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Household Debt

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British householders now have debts of £1 trillion. This is an average of £17,000 for every man, woman and child. This is an amazing figure and far higher than any other country in the world. At 1 trillion, it is only slightly smaller than the £1.1 trillion output of the whole UK economy.

It took 600 years of banking history for the UK to reach half a trillion. This figure has doubled in 7 years of Tony Blair’s government. Interest repayments account for about 20% of all spending. The growth in the British economy has been fuelled by credit. Can this be sustained?

Householders have been willing to buy so much on credit because the last few years have seen a dramatic increase in the price of their houses (60% in real terms over the last nine years). Over the last year they have gone up by 20%.

Will this continue or are we about to see a dramatic fall in house prices? Last week the National Institute for Economic and Social Research claimed that house prices are around 30% over-valued (this is based on the relationship between family income and house prices).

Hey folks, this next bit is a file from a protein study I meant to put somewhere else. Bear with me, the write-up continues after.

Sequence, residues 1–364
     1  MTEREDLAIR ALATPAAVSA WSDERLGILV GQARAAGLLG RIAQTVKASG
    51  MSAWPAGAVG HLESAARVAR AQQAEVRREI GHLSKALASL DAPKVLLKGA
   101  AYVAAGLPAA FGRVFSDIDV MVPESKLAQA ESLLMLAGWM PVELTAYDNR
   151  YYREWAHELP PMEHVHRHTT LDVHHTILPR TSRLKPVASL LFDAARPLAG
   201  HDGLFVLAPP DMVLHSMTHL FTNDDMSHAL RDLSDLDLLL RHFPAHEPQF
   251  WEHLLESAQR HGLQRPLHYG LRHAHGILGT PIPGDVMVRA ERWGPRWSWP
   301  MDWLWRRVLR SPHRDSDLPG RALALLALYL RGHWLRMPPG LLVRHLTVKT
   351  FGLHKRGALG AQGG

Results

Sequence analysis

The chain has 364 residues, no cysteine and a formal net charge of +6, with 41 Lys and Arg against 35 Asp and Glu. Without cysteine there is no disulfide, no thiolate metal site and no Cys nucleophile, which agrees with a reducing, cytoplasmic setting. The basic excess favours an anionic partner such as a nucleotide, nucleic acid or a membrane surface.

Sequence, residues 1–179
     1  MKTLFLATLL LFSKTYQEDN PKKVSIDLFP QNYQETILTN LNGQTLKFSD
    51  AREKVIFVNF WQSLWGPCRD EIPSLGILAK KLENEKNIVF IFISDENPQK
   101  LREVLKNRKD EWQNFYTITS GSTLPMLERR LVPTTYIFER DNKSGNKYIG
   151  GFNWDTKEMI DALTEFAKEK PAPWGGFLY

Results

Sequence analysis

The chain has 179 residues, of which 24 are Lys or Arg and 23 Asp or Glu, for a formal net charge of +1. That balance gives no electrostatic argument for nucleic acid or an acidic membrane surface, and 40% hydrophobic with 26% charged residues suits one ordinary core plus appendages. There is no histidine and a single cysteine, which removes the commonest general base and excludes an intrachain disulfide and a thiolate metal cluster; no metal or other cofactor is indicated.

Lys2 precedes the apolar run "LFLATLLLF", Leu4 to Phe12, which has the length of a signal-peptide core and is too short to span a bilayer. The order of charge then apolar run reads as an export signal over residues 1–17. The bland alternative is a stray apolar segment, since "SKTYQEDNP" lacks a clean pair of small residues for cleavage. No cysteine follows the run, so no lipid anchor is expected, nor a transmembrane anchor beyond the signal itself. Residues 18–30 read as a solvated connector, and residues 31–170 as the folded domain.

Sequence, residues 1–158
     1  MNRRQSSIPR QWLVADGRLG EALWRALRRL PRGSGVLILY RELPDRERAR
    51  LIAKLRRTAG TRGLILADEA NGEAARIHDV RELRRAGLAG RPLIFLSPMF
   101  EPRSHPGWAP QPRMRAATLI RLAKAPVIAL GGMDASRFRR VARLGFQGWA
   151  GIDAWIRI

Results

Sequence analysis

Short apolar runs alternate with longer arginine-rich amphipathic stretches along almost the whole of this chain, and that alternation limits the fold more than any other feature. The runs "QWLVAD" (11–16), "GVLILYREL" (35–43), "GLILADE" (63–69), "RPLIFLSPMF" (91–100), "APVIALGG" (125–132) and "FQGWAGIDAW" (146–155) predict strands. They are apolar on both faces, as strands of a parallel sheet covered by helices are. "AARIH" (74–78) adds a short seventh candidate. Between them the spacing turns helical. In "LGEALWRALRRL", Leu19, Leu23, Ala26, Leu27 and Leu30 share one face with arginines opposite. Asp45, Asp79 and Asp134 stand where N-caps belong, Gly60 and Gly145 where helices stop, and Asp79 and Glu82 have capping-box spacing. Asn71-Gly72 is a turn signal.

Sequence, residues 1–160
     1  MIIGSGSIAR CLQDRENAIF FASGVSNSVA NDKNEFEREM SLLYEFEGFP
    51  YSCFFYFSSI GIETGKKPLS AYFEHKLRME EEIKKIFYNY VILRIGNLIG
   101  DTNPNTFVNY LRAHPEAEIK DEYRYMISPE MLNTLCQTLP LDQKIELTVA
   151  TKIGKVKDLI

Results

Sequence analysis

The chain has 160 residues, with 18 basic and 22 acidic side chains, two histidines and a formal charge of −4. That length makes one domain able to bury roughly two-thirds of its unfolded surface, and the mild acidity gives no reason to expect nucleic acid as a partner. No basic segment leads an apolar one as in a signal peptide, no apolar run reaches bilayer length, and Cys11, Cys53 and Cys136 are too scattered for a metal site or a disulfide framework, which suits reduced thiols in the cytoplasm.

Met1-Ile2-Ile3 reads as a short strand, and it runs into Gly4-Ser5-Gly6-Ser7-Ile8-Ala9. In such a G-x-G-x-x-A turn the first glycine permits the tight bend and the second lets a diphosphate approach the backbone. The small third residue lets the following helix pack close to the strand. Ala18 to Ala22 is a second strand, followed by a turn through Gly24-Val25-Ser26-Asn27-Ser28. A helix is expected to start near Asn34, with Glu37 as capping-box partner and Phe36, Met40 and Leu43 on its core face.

What will cause house prices to fall. Most economists believe this will be triggered off by an increase in interest rates. Since last November, interest rates have gone up from 3.5% to 4.5%. According to the National Consumer Council around 6 million families are currently struggling to keep up with credit repayments. Yet interest rates increases are forecast to go up steadily over the next two years. Are we once again going to experience a dramatic fall in house prices. If so, it will have a devastating impact on spending and could result in a recession. As we all know, the government no longer controls interest rates. What will Gordon Brown be able to do when houses prices begin to tumble?

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